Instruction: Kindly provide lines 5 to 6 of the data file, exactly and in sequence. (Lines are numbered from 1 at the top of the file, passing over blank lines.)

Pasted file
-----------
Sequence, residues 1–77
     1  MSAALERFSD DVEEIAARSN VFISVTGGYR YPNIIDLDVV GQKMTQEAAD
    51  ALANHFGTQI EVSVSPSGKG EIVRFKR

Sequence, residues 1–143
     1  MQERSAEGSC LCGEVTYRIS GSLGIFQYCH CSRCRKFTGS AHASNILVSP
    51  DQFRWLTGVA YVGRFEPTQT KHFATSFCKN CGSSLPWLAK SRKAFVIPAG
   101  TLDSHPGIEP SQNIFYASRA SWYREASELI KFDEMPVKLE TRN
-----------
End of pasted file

     1  MQERSAEGSC LCGEVTYRIS GSLGIFQYCH CSRCRKFTGS AHASNILVSP
    51  DQFRWLTGVA YVGRFEPTQT KHFATSFCKN CGSSLPWLAK SRKAFVIPAG